Alexey innovated with his BALLET book, by integrating blur, motion, and I think this is what inspired Robert Frank to also make “technically imperfect” photos in his book “The Americans.” During his time, it was only acceptable to have sharp, in focus images with no grain or blur.
3. Contradict Yourself to innovate
Photographer and filmmaker, Jerry Schatzberg, tells a story of when he took a course with Brodovitch:
“He taught me something that I’ve always remembered: After we did the initial assignment, he contradicted what he said the first week, and I said, ‘Okay’. The next week, he contradicted what he said the second week. We went through 10 weeks of contradicting and I thought maybe he was drunk. At the end, he said, ‘You may think I’ve contradicted myself, but there’s no one way to do anything.’”
Lesson: you gottta contradict yourself to innovate. You gotta realize that photography, design, and art is constantly in FLUX. There will never be one true way to do something.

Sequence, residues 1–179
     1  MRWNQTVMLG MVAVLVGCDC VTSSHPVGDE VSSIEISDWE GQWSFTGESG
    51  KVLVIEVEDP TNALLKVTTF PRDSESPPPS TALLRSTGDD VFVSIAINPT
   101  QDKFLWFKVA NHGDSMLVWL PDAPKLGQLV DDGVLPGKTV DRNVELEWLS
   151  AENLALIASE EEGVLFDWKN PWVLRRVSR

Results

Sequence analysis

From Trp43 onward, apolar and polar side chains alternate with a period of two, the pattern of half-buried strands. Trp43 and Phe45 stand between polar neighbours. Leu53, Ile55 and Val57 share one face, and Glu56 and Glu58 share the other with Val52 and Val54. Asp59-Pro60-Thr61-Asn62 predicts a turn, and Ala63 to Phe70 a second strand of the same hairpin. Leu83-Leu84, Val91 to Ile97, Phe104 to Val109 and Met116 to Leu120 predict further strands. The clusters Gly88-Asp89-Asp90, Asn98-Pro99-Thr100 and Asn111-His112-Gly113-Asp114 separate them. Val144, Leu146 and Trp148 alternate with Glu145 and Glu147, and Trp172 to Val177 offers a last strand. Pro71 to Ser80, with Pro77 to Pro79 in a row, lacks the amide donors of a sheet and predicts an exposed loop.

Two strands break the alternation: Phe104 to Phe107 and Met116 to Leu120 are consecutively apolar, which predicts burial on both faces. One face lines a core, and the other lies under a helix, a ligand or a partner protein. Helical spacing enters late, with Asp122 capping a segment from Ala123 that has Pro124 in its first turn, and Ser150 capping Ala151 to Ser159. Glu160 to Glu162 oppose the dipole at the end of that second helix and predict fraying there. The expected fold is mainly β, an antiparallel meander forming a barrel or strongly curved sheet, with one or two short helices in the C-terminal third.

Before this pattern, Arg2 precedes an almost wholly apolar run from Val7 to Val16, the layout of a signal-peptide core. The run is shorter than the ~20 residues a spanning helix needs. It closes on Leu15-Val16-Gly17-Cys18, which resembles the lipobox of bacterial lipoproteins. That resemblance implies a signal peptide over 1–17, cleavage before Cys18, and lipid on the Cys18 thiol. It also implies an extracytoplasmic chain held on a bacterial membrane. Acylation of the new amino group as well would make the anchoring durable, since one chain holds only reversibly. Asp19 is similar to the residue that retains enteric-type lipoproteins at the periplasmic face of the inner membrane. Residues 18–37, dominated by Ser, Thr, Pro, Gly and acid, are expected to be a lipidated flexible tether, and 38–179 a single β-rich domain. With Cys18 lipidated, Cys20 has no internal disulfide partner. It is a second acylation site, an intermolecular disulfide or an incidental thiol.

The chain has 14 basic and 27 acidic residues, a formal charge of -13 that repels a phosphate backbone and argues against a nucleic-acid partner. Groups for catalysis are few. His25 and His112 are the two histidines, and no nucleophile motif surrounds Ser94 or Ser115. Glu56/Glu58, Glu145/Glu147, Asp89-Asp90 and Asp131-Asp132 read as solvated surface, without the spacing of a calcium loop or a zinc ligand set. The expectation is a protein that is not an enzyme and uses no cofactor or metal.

To innovate, you got to destroy the past, to pave new roads.
4. The design lab
Alexey Brodovitch taught a course called the “Design Laboratory”. Here is what the course description read:
The aim of the course is to help the student to discover his individuality, crystallize his taste, and develop his feeling for the contemporary trend by stimulating his sense of invention and perfecting his technical ability.
Therefore, realize as a photographer and artist you got to discover your own individuality. You need to crystallize and distill your own taste. You need to perfect your technical settings, and constantly explore new methods.
Furthermore, he encouraged experimentation, like a crazy science lab: